By AGNES BAO
Capital News Service
LANSING – The U.S. Environmental Protection Agency (EPA) is suggesting that federal current emission standards for new vehicles for the model years 2022-25 are too stringent and said it will consider a lower standard.
But in terms of the auto industry and the environment, some experts in Michigan say they don’t think the current standard is inappropriate.
The current standard for new cars and trucks is 163 grams of carbon dioxide per mile by 2025, or a car able to get 54.5 miles per gallon of gas, according to the EPA.
The reasons for adjusting the standard include gas prices and consumer acceptance of advanced technology vehicles, according to the EPA.
For the auto industry, “there is technology available to meet the standard,” said Brett Smith, the assistant director of manufacturing, engineering and technology research group at the Center for Automotive Research based in Ann Arbor.
The problem is not whether the current standard is easy to meet or not, Smith said. “The problem is, at least in the United States, that American consumers are not showing an interest in paying for that technology.”
“Most consumers value fuel economy, but they value other thing greater than fuel economy, such as a heated seat, a GPS guidance system or touch screen radio,” he said.
For automobile dealers, complying with the standard is important but “we also have to be able to give consumers the type of vehicle that they want, desire and need to live their life,” said Terry Burns, the executive vice president at the Michigan Automobile Dealers Association.
The price of a vehicle significantly affects consumers’ choices, Burns said.
In 2008 and 2009, when gas prices were high, an increasing number of consumers bought smaller vehicles, but as soon as the price came down, more people wanted and needed larger vehicles, he said.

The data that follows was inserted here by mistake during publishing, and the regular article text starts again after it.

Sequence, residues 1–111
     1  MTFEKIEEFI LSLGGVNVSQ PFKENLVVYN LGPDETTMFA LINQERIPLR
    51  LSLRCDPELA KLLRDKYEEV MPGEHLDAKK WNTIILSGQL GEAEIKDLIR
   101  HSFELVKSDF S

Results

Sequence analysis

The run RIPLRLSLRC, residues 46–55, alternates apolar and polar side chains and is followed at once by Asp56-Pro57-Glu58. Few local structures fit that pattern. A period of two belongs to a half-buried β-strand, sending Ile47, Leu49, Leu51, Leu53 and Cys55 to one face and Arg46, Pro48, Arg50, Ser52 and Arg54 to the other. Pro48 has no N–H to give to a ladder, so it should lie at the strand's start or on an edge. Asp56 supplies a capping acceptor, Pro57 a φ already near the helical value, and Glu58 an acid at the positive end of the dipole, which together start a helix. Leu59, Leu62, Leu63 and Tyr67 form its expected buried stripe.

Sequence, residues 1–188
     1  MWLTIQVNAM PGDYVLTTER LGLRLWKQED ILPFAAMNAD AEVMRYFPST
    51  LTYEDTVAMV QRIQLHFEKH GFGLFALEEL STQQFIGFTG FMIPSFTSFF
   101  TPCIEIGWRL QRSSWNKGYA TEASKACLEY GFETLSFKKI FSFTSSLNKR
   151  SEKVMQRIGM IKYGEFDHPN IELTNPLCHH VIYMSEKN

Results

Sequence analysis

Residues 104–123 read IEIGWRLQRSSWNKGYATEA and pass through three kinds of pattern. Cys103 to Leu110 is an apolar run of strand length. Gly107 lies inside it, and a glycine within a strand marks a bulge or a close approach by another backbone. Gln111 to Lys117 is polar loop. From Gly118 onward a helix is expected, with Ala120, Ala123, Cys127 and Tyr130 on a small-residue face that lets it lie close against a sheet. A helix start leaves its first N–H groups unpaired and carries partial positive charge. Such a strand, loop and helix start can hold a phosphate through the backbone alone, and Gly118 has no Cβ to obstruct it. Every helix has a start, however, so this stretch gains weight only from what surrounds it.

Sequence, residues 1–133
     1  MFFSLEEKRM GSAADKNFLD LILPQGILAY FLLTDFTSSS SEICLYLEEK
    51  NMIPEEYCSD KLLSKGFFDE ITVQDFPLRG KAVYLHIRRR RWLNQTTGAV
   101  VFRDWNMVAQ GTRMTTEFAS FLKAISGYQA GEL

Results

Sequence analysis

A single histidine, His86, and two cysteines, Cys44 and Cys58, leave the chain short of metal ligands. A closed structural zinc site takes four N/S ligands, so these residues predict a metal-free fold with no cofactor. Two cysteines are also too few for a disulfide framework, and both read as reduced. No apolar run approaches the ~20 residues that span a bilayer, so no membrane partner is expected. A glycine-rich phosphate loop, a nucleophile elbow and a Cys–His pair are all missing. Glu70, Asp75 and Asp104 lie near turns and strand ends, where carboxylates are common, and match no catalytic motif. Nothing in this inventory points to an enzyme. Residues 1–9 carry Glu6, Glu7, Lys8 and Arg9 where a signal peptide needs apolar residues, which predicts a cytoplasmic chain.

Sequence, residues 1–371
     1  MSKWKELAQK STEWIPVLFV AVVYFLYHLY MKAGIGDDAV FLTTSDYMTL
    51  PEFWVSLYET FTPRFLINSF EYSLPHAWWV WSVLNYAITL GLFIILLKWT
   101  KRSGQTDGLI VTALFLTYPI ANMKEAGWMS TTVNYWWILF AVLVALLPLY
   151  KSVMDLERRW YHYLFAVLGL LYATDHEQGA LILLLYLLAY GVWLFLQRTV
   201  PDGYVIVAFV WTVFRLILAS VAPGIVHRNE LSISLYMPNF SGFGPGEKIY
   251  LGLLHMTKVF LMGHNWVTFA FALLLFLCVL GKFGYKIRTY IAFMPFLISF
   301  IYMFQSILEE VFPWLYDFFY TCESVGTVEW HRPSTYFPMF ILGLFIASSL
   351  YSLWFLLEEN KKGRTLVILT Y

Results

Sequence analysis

Charlotte Jameson, the director of energy policy and legislative affairs at the Michigan Environmental Council, an advocacy group, said, “We do not believe that the current standard is too strict.
“Lower vehicle emission standards would negatively impact the public health of Michiganders and the state’s air quality,” Jameson said.
Vehicle emissions are linked to hazardous gases, such as nitrogen oxide and carbon monoxide, she said. “Exposure to air that is polluted by these hazardous emissions leads to higher rates of asthma and other respiratory conditions and can increase the risk of cancer and premature death.”
Vehicle emissions standards have helped cut pollution from cars and trucks by about 90 percent since 1998, according to the Union of Concerned Scientists based in Cambridge, Massachusetts.
More than seven out of 10 Michiganders favor the current vehicle emission standard, with only 21 percent supporting a lower standard, according to a 2017 poll by Greenberg Quinlan Rosner Research, based in Washington, D.C.
Jameson said the standard “drives innovation and technological advances,” as well as benefiting air quality.
“Rolling back standards that are successfully cleaning up the air we breathe and saving us money at the pump is the wrong way to go,” she said.
By AGNES BAO